Calling (Wii) Review

I was fully prepared to dislike Calling, the new Wii exclusive from Hudson Entertainment.  The Wii isn’t known for providing good horror and this particular title has been getting some less-than-favorable word of mouth. Even the producers didn’t seem to want me to play Calling, taking well over a month to get a copy to the office.  So you can imagine how surprised I was to find myself enjoying the game.  It’s far from perfect, but it’s an industrious title with great atmosphere and a lot of fun scares.

Calling understands the fundamental truth of good horror, recognizing that the threat of death is more frightening than death itself.  It’s possible to play through the entire game without ever seeing a game over screen and there’s never any real challenge for even moderately experienced gamers.

Calling still manages to be scary because it does a fantastic job of creating a tense horror atmosphere.  The levels are dark and creepy, while the minimalist soundtrack allows your imagination to wander to the worst.  Music only kicks in during cutscenes, so every footstep, door creak, and ringtone leaps out of the silence and heightens the sense of isolated dread. The first-person perspective further draws you into the action.  Ghosts speak to you through the Wii controller, and having one repeatedly call you with updates on her progress towards your location builds suspense leading up to the confrontation. It’s all highly immersive, and it convinces you to overlook most of the game’s many, many flaws.

Judged according to typical criteria, Calling is a bad game, as the gameplay is almost unforgivably weak. The very few puzzles are either easy or insipid and there’s no sense of accomplishment once the game is complete. It’s also relentlessly linear, which is problematic when faced with bizarre designer logic. You’ll follow single clues from point A to point B, but it’s often unclear what is a clue and what isn’t. Miss one and you’ll spend an hour searching the same room for an arbitrary piece of equipment while trying to figure out how the developer expects your brain to operate. There’s never any skill involved, meaning that the game somehow manages to be both incredibly frustrating and incredibly simplistic.

The bad design decisions make it too easy to disengage from the environment.  Since the scares are seldom more than sudden shocks, even a brief loss of interest can be a death knell.  Ghosts cease to be frightening once they’re expected and the gameplay isn’t nearly challenging enough to be interesting on its own. Many people will justifiably hate Calling. It’s completely dependent on immersion, so the game has nothing to offer if you’re unwilling or unable to enter into its world.

The fact that I walked away with a positive impression is a testament to the game’s ability to involve you in the experience. If you can set aside your disbelief, Calling delivers decent scares at a fairly regular clip, and that may ultimately be all that matters. Plot-wise, it’s a fairly typical Japanese horror romp. A series of deaths have been linked to a website known as the Black Page and you’ll take control of four different characters in order to solve the mystery. The action takes place in the Mnemonic Abyss, a ghost world with better cell coverage than Canada.  Phones allow you to travel between the game’s multiple locations and also provide the title.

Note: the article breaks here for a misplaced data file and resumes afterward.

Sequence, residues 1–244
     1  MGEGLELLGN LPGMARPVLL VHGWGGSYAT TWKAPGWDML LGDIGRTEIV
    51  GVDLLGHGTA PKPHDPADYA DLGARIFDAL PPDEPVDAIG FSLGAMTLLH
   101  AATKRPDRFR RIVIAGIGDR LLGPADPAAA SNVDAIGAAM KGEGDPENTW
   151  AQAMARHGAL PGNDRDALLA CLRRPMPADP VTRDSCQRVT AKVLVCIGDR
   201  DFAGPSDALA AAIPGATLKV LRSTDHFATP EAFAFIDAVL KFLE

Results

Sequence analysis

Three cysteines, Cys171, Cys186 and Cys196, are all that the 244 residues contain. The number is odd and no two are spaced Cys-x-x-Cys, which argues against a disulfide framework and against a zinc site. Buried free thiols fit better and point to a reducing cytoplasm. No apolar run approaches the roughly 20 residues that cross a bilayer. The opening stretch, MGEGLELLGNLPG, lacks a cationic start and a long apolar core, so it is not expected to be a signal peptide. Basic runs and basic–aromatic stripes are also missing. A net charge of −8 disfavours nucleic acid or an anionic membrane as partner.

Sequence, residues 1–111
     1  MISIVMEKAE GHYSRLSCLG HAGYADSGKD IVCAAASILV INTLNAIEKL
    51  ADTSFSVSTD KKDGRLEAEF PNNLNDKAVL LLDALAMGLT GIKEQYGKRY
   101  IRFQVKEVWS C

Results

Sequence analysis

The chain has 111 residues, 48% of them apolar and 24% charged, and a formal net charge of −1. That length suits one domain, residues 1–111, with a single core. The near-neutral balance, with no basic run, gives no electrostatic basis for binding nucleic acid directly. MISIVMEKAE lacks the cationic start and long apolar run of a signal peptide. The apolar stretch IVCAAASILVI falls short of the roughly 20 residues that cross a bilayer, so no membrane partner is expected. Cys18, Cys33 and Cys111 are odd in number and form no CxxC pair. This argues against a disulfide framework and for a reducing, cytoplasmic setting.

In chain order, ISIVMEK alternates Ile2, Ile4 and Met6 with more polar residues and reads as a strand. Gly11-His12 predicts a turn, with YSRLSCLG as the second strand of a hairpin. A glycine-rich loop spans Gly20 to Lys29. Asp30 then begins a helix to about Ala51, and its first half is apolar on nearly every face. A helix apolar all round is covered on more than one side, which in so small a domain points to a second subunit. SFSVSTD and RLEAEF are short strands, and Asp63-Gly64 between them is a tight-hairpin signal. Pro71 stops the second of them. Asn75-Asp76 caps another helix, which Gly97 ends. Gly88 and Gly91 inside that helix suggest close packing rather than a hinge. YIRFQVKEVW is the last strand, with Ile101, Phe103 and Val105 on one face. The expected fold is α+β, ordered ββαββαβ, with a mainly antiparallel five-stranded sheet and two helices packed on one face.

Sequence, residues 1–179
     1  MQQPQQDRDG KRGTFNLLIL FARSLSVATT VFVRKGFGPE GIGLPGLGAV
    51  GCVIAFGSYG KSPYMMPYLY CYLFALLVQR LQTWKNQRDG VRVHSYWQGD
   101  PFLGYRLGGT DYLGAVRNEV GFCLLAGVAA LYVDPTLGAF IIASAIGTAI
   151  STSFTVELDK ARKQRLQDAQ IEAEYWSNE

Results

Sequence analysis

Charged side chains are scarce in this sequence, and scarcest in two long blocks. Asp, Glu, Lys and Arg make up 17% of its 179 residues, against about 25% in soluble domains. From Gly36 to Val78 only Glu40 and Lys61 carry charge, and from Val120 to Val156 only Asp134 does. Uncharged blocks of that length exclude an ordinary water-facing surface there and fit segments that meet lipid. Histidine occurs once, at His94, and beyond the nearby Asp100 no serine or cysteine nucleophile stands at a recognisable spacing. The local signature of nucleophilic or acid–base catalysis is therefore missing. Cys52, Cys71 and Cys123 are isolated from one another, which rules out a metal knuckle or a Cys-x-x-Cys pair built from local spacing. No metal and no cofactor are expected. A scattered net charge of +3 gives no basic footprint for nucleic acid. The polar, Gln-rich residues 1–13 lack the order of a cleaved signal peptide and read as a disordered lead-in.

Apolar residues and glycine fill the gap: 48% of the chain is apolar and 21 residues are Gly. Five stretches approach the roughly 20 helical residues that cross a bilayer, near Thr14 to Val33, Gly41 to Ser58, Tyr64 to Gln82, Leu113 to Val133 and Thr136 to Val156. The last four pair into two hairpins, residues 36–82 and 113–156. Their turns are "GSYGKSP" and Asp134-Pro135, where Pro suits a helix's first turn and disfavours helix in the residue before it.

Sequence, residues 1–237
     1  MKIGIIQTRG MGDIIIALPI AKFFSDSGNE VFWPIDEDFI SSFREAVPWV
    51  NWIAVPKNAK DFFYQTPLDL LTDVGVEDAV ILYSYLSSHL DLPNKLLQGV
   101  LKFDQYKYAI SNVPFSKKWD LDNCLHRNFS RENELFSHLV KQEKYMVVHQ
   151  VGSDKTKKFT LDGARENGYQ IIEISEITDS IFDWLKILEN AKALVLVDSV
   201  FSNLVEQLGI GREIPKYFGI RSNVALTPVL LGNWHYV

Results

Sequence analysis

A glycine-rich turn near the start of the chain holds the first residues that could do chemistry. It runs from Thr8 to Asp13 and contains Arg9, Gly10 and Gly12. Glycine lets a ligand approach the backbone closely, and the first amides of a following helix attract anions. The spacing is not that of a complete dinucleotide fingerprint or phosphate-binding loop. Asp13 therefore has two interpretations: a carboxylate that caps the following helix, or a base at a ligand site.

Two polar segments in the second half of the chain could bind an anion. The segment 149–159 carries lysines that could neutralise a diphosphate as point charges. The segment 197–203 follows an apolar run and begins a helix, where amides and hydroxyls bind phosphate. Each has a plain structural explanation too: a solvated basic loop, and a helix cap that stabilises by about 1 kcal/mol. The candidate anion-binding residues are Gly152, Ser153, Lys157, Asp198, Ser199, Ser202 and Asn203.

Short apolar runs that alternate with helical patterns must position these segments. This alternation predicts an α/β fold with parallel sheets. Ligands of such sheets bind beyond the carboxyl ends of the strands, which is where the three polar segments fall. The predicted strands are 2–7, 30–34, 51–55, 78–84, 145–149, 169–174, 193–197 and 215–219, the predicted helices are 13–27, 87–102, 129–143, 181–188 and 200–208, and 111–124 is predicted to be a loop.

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Danger arrives in the form of malevolent ghosts that inhabit the various undead realms.  You’ll confront many of them while playing through the story, but there are a lot of seemingly random encounters that are just startling enough to keep you off-balance.  It feels as if there’s a malicious presence constantly lurking somewhere in the shadows.  When you do a quick 180 to discover a ghost mere inches from your face, you’ll discover that that’s pretty much the case.

Given the game’s other problems, it’s almost ironic that Calling doesn’t suffer for being on the Wii. The controls aren’t fluid, but they’re functional and they match the tone of the game.  These characters are regular people with regular capabilities, poorly equipped to handle anything that could kill them. There are very few situations that demand significant dexterity, meaning that unresponsive handling never breaks the game. The relative weakness and gradual pace make you feel more vulnerable and actually contribute to the tension.

Ghost battles are an unfortunate exception.  You wildly shake the controller in order to fend them off and it adds an unnecessary element of Wii silliness to the game. It feels like you’re trying to shake a persistent spider off your arm and it gets annoying once your wrist starts to get tired.

There are numerous other problems – the voice acting is awful, there are too many loading screens, one of the ghosts looks like the Stay Puft Marshmallow Man – but listing them all would be redundant.  Identifying design flaws in Calling is a bit like finding holes in Swiss cheese. In spite of everything, it’s an accessible horror game that delivers some entertaining chills that won’t keep you up past your bedtime. The twelve-hour story is a slightly inconsistent (especially when the credits roll half way through), but it’s enough to keep you interested and the interactive nature of the medium amplifies the experience. Calling is fun, but I’d wait to find it in a discount bin before taking a chance.